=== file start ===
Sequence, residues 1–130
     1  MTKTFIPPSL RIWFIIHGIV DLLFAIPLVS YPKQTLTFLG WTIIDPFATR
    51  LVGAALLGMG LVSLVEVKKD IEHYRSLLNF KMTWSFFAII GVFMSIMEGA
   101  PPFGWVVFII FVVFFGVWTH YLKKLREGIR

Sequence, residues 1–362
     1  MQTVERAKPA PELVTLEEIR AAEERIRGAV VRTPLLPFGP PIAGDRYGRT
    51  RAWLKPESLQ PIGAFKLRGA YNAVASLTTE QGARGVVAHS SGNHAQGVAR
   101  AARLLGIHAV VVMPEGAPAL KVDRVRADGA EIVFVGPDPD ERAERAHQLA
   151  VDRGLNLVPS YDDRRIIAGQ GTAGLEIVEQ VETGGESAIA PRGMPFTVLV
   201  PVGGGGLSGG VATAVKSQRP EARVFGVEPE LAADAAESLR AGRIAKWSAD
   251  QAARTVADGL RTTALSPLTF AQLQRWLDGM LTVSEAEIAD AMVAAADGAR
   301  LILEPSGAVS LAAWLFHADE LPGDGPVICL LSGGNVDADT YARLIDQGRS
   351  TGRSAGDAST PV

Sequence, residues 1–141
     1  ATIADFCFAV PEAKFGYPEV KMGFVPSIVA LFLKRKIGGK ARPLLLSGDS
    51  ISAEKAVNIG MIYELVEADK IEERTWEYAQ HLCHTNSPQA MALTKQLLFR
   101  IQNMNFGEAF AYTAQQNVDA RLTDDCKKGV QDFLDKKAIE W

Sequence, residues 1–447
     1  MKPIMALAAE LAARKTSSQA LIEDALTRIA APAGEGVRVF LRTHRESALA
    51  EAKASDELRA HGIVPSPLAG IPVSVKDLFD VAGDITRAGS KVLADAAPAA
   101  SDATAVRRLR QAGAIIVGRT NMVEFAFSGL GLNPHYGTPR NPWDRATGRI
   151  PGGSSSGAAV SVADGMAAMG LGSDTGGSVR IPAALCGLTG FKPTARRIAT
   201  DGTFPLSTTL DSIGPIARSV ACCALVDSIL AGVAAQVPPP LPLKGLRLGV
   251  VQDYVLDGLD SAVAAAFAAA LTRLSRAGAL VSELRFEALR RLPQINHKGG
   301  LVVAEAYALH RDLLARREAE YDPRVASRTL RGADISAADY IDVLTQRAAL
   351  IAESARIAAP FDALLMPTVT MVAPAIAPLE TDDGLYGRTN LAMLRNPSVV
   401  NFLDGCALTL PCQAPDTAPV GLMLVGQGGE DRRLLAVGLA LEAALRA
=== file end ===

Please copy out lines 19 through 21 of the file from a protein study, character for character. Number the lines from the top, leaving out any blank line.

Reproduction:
     1  MKPIMALAAE LAARKTSSQA LIEDALTRIA APAGEGVRVF LRTHRESALA
    51  EAKASDELRA HGIVPSPLAG IPVSVKDLFD VAGDITRAGS KVLADAAPAA
   101  SDATAVRRLR QAGAIIVGRT NMVEFAFSGL GLNPHYGTPR NPWDRATGRI